Apache, Comanche Win in Federal Court: Company Ordered to Remove Oil Pipeline and Vacate

(EnviroNews USA Headline News Desk) — Cado County, Oklahoma — On March 28, 2017, a federal judge in the U.S. District Court for the Western District of Oklahoma ordered the natural gas pipeline company Enable Midstream Partners (Enable) to remove a pipeline running through tribal lands. The land in Caddo County is held in trust by the federal government for members of the Kiowa, Comanche, Apache, Caddo and Cherokee tribes.

In Davilla v. Enable Midstream Partners, L.P., U.S. District Judge Vicki Miles-LaGrange ruled in favor of Marcia W. Davilla and other tribal members, finding that a current right-of-way had not been granted to Enable. The plaintiffs hold varying interests in the contested land, between nine-tenths of a percent to 30 percent, according to Indian Country Today Media Network.

Enable’s predecessor, Producer’s Gas Company, held an easement from the Bureau of Indian Affairs (BIA) for the natural gas project between 1980 and 2000. In 2002, a right-of-way offer from the company, which had changed its name to Enogex, to the BIA and plaintiffs was rejected by most of the landowners. In 2008, the BIA accepted the easement application but in 2010, the plaintiffs appealed. The BIA in turn vacated the decision, reversing it and making it legally void, while remanding the case for further negotiation.

Nevertheless, the pipeline has continued to operate without an easement, and in 2015, the tribal landowners filed a trespassing violation and sought a permanent injunction against Enable. Enable currently claims to have right-of-way based on the written consents of five landowner tenants, who own less than 10 percent of the tract.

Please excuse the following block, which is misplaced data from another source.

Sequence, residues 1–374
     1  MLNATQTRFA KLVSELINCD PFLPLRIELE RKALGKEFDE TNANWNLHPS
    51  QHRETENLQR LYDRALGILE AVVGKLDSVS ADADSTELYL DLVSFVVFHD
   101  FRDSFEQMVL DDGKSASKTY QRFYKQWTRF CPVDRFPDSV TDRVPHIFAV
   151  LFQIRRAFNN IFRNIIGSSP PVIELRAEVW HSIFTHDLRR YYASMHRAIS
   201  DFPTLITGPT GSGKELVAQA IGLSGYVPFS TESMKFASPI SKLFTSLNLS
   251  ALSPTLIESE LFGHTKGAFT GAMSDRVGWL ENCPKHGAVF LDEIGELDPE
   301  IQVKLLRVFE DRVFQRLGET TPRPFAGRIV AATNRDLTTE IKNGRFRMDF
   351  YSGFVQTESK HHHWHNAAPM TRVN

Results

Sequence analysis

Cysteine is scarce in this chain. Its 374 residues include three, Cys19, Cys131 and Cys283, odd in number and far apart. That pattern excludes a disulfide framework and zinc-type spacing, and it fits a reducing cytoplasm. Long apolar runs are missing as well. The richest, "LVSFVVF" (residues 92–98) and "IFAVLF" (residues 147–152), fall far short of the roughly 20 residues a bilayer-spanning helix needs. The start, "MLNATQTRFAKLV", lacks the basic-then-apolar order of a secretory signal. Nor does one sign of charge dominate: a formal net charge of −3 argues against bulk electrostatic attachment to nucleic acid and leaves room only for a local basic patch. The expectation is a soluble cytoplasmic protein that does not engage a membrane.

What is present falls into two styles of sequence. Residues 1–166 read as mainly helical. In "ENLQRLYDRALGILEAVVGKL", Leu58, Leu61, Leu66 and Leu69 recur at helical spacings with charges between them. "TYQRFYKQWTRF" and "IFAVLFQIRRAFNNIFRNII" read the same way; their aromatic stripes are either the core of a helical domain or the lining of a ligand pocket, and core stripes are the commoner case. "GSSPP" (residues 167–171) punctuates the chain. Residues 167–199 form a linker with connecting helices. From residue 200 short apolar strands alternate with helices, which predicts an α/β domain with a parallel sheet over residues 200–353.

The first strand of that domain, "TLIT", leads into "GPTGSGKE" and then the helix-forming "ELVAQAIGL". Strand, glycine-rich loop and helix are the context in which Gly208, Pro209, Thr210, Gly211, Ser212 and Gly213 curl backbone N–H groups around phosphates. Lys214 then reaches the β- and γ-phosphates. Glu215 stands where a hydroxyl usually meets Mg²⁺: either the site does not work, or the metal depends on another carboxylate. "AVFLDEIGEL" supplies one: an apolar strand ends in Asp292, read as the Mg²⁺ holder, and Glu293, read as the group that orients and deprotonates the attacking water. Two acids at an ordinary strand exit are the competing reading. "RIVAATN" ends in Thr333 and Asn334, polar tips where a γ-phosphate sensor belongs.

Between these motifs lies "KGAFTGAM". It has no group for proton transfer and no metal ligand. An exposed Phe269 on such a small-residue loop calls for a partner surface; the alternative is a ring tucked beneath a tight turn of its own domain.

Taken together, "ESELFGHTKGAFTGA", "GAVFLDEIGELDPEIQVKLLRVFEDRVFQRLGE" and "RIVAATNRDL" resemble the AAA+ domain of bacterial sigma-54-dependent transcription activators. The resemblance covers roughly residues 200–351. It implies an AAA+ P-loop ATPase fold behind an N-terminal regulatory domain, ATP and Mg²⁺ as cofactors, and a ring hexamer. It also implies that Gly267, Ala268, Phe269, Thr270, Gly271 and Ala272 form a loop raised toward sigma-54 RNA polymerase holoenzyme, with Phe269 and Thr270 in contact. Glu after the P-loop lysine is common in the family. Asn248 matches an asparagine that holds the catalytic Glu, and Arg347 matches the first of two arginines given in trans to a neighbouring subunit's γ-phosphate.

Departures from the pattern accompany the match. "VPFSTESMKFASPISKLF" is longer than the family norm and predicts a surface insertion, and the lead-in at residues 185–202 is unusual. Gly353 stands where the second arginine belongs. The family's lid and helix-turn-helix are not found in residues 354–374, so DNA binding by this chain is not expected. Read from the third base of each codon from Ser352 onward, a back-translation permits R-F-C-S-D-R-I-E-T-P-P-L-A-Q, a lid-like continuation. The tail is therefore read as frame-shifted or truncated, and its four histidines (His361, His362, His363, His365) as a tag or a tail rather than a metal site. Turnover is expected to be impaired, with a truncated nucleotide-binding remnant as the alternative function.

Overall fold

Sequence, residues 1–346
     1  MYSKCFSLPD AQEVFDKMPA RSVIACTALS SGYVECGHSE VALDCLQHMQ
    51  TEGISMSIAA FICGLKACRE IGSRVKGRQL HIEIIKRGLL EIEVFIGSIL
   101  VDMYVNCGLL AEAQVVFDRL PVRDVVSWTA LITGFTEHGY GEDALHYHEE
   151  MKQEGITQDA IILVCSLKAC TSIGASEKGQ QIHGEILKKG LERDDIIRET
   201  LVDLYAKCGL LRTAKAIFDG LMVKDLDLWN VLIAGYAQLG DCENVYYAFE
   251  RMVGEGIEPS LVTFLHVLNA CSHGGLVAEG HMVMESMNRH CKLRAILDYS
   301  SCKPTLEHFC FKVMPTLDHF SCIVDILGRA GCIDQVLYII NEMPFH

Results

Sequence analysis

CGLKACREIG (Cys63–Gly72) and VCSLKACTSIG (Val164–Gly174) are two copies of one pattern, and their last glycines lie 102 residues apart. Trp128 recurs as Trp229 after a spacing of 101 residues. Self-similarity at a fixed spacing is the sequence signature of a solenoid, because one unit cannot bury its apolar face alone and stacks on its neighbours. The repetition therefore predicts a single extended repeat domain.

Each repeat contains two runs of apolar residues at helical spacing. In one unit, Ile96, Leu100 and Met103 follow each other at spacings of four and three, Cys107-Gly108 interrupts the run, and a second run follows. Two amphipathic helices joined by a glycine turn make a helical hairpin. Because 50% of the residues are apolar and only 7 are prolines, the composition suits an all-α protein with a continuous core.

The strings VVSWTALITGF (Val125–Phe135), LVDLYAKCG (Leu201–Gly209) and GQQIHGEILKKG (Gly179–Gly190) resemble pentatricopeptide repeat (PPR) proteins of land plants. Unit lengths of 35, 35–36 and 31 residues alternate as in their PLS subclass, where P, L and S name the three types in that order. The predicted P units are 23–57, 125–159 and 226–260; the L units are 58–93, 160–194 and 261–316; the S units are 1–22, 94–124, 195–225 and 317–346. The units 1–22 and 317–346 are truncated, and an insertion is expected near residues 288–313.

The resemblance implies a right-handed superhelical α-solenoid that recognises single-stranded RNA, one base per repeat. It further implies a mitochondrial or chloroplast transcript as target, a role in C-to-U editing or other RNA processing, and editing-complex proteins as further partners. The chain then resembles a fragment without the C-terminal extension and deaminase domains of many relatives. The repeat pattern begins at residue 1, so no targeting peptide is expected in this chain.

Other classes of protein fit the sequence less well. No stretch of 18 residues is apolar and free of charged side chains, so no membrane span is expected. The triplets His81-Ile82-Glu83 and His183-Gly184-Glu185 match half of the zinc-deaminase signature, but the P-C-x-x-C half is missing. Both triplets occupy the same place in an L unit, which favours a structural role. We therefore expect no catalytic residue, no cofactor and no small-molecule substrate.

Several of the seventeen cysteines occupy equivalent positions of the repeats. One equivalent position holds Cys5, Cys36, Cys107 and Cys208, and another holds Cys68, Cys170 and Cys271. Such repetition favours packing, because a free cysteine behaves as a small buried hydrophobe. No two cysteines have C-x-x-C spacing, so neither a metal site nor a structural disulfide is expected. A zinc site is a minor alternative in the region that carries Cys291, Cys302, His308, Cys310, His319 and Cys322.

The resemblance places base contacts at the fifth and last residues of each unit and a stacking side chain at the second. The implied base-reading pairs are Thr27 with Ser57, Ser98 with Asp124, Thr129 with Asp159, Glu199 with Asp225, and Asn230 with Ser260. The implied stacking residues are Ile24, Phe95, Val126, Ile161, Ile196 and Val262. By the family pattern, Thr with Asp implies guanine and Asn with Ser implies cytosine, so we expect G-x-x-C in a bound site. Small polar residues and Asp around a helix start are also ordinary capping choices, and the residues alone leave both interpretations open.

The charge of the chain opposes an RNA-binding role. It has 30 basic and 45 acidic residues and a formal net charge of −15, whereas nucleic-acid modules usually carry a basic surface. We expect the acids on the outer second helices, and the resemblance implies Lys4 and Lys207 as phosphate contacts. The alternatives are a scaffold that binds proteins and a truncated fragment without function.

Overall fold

While, under Oklahoma law, the five written consents could renew the easement, the judge found this law to be in opposition to federal statutes, which require a majority of landowners on tribal land to give their consent for a right-of-way, Law360 explained. Hence, the judge issued a permanent injunction against the company.

The plaintiffs’ lawyer David Smith told Indian Country Today Media Network this situation is becoming increasingly more common on Native land; “we see them all the time – there are easements to which landowners have never been paid [and] which have simply expired and the BIA simply has no records of them or taken any action to enforce the trespass.” He predicts similar lawsuits will arise soon throughout Native American country.